Digital shareholder communications must embrace email and web
Any amendments to the Corporations Act to enhance shareholder engagement digitally must include email and web access, Governance Institute of Australia said today, claiming their exclusion will restrict communication and do not reflect the way Australians engage with digital technologies and content.
In a submission on Technology neutrality in distributing company meeting notices and materials, Governance Institute said that without email and web access, the flexible framework that the government is proposing will enable organisations to individually determine how they communicate with shareholders and deliver meeting materials. This will make it overly complicated and likely to disenfranchise shareholders, who will have no certainty as to how the law operates. If email and internet access are recognised as legitimate forms of digital communication, it will overcome the inherent complexities in the proposals and pave the way for streamlined and simplified reforms.
Underpinning Governance Institute’s concerns with the proposals is that the reforms clarify that only a universal or near-universal channel of communication can be utilised, and then specify that this is limited to mail delivery or text messaging on mobile phones.
“The reality today is that most Australians access email via their mobile phone or mobile devices, yet the government’s technology neutral proposals — which recognise mobile phones as a near-universal channel of communication — do not recognise email or web access as a near-universal channel of communication. This is because less than 90 per cent of Australians have access to the internet at home. It really is nonsensical to suggest that Australians only access email via a computer at home,” Governance Institute chief executive Steve Burrell said.
“More to the point, shareholders are not required to provide their mobile phone numbers to the companies in which they invest. In fact, companies in general hold the mobile phone numbers of less than one per cent of their shareholder base, and shareholders are not required to provide their mobile phone numbers, making text messaging a fiction. Research shows that 80 per cent of shareholders want to receive communications by email,” he added.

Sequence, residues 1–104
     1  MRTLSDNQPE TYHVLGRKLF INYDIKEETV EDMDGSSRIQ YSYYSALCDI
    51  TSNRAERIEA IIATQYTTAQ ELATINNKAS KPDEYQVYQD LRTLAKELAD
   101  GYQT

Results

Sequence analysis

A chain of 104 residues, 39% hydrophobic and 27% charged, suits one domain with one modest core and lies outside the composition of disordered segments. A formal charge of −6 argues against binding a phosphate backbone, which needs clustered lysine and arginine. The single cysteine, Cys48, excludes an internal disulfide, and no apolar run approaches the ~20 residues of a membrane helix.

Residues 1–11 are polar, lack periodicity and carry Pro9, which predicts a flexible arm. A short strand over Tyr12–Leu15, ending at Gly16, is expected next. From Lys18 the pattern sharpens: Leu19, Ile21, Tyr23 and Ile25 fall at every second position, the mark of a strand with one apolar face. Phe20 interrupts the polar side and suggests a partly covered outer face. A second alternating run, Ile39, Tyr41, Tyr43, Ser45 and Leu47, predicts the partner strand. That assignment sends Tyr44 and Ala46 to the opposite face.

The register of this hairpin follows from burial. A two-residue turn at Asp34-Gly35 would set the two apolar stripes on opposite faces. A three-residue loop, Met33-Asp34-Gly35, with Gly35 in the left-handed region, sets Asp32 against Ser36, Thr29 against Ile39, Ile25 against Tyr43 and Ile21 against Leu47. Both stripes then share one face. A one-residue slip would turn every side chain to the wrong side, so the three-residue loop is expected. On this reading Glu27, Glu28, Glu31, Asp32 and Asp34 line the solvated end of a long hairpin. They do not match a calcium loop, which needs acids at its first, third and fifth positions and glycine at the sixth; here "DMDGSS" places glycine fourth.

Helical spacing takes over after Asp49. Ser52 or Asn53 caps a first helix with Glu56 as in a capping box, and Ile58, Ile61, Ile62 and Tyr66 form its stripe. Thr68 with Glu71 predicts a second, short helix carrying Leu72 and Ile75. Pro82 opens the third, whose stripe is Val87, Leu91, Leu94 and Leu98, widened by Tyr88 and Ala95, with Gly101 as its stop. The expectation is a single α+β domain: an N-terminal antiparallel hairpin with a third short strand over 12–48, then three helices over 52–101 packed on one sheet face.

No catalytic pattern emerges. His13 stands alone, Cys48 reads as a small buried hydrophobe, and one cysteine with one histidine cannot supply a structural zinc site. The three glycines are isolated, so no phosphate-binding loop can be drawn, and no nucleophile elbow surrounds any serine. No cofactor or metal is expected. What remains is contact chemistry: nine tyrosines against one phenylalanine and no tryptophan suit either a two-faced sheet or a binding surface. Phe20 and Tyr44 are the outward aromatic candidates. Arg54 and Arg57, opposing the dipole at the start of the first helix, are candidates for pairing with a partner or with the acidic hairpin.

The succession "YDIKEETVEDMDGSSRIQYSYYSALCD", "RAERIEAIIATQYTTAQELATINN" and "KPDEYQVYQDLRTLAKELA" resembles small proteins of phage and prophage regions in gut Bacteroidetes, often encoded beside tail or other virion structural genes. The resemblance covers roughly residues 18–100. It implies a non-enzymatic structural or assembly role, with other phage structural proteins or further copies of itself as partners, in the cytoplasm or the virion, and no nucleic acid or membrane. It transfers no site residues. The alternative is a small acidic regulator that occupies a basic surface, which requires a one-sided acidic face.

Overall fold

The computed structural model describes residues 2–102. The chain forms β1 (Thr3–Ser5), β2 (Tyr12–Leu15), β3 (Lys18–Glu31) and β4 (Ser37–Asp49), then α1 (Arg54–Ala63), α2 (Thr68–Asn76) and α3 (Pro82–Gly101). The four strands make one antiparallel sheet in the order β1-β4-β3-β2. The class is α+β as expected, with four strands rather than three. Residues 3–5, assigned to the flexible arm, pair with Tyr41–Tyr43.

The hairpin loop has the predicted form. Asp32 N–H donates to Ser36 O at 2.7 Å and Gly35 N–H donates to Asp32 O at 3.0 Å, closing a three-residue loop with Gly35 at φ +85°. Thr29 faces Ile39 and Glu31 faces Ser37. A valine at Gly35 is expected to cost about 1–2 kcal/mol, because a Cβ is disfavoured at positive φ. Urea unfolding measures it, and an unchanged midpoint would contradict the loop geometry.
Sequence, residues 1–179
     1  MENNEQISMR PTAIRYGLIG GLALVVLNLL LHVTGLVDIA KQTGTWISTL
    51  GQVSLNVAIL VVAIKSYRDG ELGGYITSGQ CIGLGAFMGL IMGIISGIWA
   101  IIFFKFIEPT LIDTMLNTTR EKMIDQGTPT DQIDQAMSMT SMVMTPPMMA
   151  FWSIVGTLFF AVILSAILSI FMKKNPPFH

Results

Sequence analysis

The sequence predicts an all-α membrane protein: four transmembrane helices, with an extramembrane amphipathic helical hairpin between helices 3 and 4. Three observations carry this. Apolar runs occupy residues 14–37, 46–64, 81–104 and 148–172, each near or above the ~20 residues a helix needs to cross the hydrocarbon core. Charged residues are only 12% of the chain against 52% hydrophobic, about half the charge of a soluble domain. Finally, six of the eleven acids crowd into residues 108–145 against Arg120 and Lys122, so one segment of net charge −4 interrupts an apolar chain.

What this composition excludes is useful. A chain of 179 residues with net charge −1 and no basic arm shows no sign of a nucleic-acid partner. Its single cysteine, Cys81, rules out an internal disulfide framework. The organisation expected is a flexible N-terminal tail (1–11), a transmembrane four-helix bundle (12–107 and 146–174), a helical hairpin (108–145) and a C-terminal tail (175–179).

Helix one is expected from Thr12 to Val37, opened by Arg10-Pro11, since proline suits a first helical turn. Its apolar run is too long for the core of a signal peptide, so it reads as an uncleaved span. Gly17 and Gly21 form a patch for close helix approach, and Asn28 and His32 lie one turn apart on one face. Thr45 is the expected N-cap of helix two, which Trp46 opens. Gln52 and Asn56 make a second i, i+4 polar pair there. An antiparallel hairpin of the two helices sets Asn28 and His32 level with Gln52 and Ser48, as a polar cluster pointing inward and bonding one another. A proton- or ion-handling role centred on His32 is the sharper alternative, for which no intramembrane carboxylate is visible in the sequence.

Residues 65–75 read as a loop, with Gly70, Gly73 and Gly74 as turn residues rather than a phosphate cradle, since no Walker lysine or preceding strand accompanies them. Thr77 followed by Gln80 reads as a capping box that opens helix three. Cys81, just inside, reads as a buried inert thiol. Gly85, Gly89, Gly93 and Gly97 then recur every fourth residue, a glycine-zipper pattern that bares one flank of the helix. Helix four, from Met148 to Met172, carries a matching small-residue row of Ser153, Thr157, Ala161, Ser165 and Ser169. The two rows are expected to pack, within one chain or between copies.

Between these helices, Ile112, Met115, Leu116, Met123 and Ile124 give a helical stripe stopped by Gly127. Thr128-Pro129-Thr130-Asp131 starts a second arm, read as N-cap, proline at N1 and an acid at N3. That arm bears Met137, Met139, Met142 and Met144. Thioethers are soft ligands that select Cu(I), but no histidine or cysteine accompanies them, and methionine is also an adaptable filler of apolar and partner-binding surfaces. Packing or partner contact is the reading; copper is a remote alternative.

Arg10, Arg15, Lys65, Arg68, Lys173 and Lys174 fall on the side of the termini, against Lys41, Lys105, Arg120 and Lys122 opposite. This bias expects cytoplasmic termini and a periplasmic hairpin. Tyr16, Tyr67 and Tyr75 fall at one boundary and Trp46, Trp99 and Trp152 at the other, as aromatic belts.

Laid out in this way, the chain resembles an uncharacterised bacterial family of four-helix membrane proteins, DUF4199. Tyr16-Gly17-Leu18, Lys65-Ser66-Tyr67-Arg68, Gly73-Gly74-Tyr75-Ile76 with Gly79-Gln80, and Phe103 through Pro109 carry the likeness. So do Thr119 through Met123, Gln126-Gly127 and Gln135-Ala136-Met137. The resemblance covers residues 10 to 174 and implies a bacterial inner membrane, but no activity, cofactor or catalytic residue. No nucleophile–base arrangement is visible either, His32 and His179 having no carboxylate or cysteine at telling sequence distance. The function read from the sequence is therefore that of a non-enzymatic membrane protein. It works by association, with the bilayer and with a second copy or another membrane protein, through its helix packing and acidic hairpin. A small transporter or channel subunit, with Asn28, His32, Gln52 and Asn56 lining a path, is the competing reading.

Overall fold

Governance Institute pointed out that shareholder participation is a key component of a successful annual general meeting (AGM), yet attendance continues to decline at an alarming rate. Research by Computershare of the companies which use it as the registry provider shows that only 0.158 per cent of shareholders attended AGMs in 2015, down 25 per cent over 10 years. Despite this, the cost of holding of an AGM has sky-rocketed and range from $250,000—$1,000,000 for ASX200 companies.
“Moving the notice of meeting and meeting materials into the digital world is hopefully a first step to a technology-neutral corporations law generally and a simplified regulatory framework that accommodates evolving technologies for shareholder engagement,” Mr Burrell commented. “Australia is the world's sixth largest country and shareholders are dispersed geographically, both nationally and internationally, making email and web access with the companies in which they invest absolutely essential. It should not be difficult to recognise this and not complicate the reforms so much that they become ineffective,” Mr Burrell said.
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